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ANDREW NOWAK AND LORRAINE NOWAK v. ZONING HEARING BOARD BRIDGEVILLE BOROUGH (06/03/82)

COMMONWEALTH COURT OF PENNSYLVANIA


decided: June 3, 1982.

ANDREW NOWAK AND LORRAINE NOWAK, APPELLANTS
v.
ZONING HEARING BOARD OF BRIDGEVILLE BOROUGH, APPELLEE

Appeal from the Order of the Court of Common Pleas of Allegheny County in case of Andrew Nowak and Lorraine Nowak v. Zoning Hearing Board of Bridgeville Borough, No. SA 438 of 1981.

COUNSEL

Charles E. Boyle, Campbell, Sherrard & Burke, for appellants.

Robert L. Campbell, with him Nicholas P. Brenlove, Brenlove & Campbell, for appellee.

Judges Rogers, Craig and Doyle, sitting as a panel of three. Opinion by Judge Rogers.

Author: Rogers

[ 67 Pa. Commw. Page 47]

Andrew Nowak and Lorraine Nowak, his wife, have appealed from an order of the Court of Common Pleas of Allegheny County upholding the grant by the Zoning Hearing Board of Bridgeville Borough of a variance to their neighbor, Dawson C. Wright, permitting him to construct a garage, one wall of which would be located about eighteen inches from their rear property line. The parties' lots front on different public streets and the Nowak's rear property line is also one of Wright's side yard lines. Both properties are located in the R-2 residential zoning

[ 67 Pa. Commw. Page 48]

    district of Bridgeville Borough in which side yards are required to have a minimum unobstructed width of eight feet.

It seems that Wright commenced the erection of a garage at the same location he now proposes in the year 1962 and was prevented from completing it by the protests of the then owners of the property now owned by the Nowaks. The present controversy began when Wright, having applied for and obtained a building permit from the zoning officer of the Bridgeville Borough on July 28, 1980, commenced the construction of the garage again within eighteen inches of the Nowaks' rear property line. The Nowaks, as had their predecessors in 1962, complained and the borough zoning officer revoked Wright's permit suggesting that he should seek a variance from the Zoning Hearing Board. As noted, the variance was granted by the Board and upheld by the Allegheny County Court of Common Pleas.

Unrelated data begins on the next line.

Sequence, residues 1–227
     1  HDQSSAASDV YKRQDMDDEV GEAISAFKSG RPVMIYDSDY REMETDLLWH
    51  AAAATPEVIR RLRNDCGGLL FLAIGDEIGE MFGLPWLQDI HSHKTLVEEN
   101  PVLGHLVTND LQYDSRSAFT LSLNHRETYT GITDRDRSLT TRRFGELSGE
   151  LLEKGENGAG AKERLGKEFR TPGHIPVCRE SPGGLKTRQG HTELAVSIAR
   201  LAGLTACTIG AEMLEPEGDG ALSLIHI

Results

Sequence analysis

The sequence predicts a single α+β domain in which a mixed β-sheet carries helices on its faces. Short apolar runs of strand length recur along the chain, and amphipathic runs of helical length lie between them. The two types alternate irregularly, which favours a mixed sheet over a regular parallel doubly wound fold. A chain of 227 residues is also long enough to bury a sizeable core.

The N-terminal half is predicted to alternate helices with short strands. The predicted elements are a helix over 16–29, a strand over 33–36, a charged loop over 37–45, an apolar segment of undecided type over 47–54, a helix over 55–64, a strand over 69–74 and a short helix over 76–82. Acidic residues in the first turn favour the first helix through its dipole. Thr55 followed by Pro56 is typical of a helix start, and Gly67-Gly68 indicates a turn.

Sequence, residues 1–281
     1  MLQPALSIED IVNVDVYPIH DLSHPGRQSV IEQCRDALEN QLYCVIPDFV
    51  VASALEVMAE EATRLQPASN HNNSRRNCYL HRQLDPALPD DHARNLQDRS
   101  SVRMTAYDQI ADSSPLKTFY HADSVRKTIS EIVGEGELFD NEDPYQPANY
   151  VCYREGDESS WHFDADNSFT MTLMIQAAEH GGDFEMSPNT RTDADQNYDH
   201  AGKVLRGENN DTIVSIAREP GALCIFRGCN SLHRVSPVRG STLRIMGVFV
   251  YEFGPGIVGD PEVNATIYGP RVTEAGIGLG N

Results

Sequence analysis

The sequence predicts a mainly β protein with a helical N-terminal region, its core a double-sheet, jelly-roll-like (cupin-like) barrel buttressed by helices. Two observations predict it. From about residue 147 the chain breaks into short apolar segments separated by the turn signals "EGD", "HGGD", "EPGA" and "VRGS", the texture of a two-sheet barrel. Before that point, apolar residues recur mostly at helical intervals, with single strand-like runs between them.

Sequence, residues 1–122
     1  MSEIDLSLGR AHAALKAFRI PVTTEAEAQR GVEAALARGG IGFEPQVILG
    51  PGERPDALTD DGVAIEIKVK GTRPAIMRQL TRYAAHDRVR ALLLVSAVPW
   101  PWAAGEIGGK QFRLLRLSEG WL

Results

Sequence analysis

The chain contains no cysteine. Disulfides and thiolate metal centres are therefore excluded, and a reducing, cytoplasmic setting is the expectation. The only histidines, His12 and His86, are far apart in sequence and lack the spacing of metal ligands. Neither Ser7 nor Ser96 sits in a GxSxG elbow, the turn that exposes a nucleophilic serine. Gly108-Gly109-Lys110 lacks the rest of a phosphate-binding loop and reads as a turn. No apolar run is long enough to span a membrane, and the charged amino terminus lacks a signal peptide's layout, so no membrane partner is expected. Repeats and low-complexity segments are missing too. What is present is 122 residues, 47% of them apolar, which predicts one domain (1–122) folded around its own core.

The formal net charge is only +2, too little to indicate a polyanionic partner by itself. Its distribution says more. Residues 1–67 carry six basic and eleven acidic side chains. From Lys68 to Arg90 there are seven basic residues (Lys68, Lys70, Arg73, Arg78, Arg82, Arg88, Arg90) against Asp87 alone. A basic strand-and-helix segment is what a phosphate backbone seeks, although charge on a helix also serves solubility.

[ 67 Pa. Commw. Page 49]

Section 908 of the Pennsylvania Municipalities Planning Code, Act of July 31, 1968, P.L. 805, as amended, 53 P.S. ยง 10908(7), provides that zoning hearing boards shall keep stenographic records and provide transcripts of their hearings. The Bridgeville Borough Zoning Hearing Board made no stenographic record of its hearing in this case and, of course, there is no transcript. All that we have from the Zoning Hearing Board is their decision and it is apparent from this document that no witnesses testified under oath as Section 908 of the Code also provides. We are required, therefore, to vacate the order below and remand the matter so that the Zoning Hearing Board may conduct the hearing in the manner required by the Code. Swift v. East Hempfield Township Zoning Hearing Board, 20 Pa. Commonwealth Ct. 87, 340 A.2d 592 (1975); Schelley v. Zoning Board Page 49} of Adjustment, 8 Pa. Commonwealth Ct. 169, 302 A.2d 526 (1973).

An evidentiary hearing conducted as the Code requires is essential in this case because there appears to have been no showing, or the possibility of showing, by Wright of the unnecessary hardship necessary to support a variance. Not only is Wright's lot not uniquely burdened by the side yard requirement, but the plans submitted with his applications indicate that at the place where he wants to build the garage his back yard is at least forty feet wide, which after allowance for side yards aggregating sixteen feet, would seem to accommodate a garage twenty-four feet wide. According to his application for a building permit, Wright proposes to build a two-car garage thirty feet wide. The court below recognized that Wright had little case for a variance but declined to reverse the Zoning Hearing Board's order because the circumstances were such that Wright might have had a vested right in the building permit.*fn1 If he does, of course, he had no need of a variance. But this is a subject which requires an intensive exploration of the facts surrounding his application for the building permit at an evidentiary hearing. A recent exposition of the elements required to establish a vested right in a building permit appears in Petrosky v. Zoning Hearing Board of Upper Chichester, 485 Pa. 501, 402 A.2d 1385 (1979).

Order vacated; record remanded for a hearing by the Zoning Hearing Board of Bridgeville Borough and further proceedings not inconsistent with this opinion.

[ 67 Pa. Commw. Page 50]

Order

And Now, this 3rd day of June, 1982, the order of the Court of Common Pleas of Allegheny County dated August 5, 1981 is vacated; the record is remanded for a hearing by the Zoning Hearing Board of Bridgeville Borough and further proceedings not inconsistent with this opinion.

Disposition

Order vacated. Case remanded.


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